The first, dated around 1866, appears to be more a story of a few warring newspapers (and even daring each other into a fight). It all started when one newspaper, The Highland News, printed a story about a wealthy Copperhead who refused to give some breakfast to some weary Union soldiers who were traveling through the area. Another paper, The Gazette, reprinted this story, but also begged the News to reveal who the wealthy Copperhead was. The following week, the News did just that – stating that the individual in question was, in fact, Simon Clouser.

A third paper, The Democrat, seemed to take a rather large offense to this, saying that the Highland News was defaming an elderly soldier and his family for no reason. They claimed to know the story was false and demanded an apology. In the August 2, 1866 edition, the Highland News made it clear they had no intention of doing such. In essence, The News claimed they were reporting what was told to them by a Mr. Jacob Holmes, who operated a nearby farm and who did, in fact, give breakfast to the traveling soldiers. He claimed not to remember the soldiers names, only that they were from the town of Marshall. 

The Gazette now claimed that they had been contacted by Simon Clouser to print that the story was false and that no such thing happened. He (Clouser) claimed that he was not even at home at the time, although his wife Elizabeth was. Elizabeth was also strongly concerned with the recent outbreak of Pox that had been going around and suggested that if such an event had occurred, then maybe it was his wife who turned them away, scared of contracting Pox.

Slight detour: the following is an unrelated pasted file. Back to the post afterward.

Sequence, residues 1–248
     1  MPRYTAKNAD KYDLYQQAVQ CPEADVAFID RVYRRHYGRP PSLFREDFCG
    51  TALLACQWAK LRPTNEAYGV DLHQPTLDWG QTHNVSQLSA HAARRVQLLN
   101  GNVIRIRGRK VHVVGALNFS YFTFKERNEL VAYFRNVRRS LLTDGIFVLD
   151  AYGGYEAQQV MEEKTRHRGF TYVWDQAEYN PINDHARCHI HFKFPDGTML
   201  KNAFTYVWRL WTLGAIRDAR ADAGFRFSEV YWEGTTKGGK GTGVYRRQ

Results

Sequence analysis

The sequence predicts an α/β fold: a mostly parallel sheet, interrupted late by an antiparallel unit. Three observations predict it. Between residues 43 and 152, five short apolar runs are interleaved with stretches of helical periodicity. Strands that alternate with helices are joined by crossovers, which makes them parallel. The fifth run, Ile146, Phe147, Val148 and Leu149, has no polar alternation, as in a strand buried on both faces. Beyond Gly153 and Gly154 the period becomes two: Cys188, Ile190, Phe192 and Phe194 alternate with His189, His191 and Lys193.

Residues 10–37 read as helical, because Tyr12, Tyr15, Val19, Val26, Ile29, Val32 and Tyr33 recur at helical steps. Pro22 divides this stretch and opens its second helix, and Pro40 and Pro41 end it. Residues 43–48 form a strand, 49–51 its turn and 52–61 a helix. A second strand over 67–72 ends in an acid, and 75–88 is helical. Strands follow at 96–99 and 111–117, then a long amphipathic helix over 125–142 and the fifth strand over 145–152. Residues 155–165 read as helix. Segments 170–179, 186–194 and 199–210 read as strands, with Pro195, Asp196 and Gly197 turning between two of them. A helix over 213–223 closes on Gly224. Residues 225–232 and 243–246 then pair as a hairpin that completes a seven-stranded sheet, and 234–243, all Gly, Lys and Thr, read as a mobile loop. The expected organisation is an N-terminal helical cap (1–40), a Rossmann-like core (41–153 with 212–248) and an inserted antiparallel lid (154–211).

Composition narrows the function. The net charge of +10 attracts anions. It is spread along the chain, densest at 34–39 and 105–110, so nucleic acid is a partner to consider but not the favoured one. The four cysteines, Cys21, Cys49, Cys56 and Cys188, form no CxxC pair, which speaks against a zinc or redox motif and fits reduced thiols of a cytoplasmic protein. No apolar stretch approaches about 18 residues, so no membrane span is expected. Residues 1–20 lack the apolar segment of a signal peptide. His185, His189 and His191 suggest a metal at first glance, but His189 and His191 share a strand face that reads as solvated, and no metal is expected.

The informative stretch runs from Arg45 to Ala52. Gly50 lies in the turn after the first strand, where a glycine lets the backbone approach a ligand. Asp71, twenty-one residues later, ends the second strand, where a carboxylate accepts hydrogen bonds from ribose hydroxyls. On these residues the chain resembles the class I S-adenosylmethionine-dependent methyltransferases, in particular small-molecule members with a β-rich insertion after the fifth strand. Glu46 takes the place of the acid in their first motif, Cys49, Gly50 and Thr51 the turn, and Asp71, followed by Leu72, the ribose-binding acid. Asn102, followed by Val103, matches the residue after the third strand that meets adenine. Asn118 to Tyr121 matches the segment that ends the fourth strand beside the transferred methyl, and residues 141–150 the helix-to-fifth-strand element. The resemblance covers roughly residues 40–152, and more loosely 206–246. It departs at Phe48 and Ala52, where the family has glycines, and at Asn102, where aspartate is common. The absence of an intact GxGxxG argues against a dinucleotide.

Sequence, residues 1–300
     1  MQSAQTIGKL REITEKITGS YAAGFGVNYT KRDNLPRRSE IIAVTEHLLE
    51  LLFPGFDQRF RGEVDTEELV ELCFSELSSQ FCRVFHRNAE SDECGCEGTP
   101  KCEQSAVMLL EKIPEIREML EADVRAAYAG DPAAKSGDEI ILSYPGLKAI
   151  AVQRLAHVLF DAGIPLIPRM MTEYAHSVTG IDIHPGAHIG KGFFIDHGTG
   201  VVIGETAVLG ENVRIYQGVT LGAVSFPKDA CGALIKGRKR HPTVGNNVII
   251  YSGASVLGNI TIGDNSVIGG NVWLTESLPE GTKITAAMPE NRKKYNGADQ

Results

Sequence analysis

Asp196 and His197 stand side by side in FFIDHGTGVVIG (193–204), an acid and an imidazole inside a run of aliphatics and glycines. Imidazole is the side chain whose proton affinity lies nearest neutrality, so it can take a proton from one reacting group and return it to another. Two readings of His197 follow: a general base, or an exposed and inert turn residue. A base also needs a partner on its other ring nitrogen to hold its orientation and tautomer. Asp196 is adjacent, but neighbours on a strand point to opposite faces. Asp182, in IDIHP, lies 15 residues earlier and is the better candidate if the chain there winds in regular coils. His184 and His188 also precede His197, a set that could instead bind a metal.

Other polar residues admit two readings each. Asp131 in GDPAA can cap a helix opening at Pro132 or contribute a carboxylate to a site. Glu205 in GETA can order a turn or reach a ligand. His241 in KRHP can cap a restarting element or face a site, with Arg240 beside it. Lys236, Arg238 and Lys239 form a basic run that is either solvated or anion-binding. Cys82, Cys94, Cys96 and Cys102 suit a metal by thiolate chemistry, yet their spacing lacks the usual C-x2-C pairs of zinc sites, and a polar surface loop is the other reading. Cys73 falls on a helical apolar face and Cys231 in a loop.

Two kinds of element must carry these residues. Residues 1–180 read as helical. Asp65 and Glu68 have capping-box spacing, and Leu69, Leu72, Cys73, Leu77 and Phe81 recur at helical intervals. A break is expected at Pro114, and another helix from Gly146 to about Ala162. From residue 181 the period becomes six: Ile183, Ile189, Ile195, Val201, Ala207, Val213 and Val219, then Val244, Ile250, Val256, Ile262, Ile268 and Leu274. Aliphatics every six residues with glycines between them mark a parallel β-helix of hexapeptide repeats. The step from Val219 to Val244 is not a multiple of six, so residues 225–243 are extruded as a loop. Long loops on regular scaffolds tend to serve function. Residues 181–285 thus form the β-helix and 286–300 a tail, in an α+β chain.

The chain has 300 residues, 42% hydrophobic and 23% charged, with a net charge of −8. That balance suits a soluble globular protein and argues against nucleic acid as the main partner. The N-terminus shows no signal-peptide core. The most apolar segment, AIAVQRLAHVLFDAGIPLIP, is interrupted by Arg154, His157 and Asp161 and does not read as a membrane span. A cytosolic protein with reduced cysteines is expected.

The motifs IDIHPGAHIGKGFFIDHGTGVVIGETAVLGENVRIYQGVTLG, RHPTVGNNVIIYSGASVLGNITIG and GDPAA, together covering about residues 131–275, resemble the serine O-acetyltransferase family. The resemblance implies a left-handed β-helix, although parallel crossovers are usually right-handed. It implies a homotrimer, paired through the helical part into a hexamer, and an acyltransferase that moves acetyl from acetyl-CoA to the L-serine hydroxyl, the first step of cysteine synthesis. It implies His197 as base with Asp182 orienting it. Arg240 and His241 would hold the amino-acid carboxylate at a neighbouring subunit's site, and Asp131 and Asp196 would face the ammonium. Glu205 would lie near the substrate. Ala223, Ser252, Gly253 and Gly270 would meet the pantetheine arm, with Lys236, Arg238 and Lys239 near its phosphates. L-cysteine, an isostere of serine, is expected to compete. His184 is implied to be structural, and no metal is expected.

The second event occurred in 1901. By now, both Clouser parents have passed away and only two of the family’s daughters, Charlotte and Susannah remained on the family’s 200 acre farm. At the time, their brother Simon had relocated to New York City where he made his own fame and fortune. That day, in 1901, Samuel came to Fallsville planning on spending a few days with his sisters. The three are believed to have spent a wonderful afternoon together after he arrived, but as night was approaching the sisters informed their brother that he would need to find lodging somewhere else. They explained that since their father’s death, no man had slept in the family home, period. And, as long as they were alive, no man ever would again.

Or, at least, this was the story as it was first reported. 

The September 26, 1901 edition of Hillsboro’s News Herald painted a vastly different picture.

According to the sisters, their brother had, indeed, come to town and stayed with them for several nights. Also, on one of those nights, the sisters planned a big dinner party for him and several of his childhood friends who still lived in the area, listing their names. As if to offer further proof, they finally claimed that their brother had sent them essentially Thank You Gifts, including an expensive watch chain for one sister, and a fine watch for the other. He also sent along a set of silverware for the household and a bible he asked to be given to the local church the family had attended. Charlotte, however, claimed the bible, which cost fifty dollars, was too expensive of a gift to leave unattended at the local church, so she kept it herself to protect it from vandals and thieves.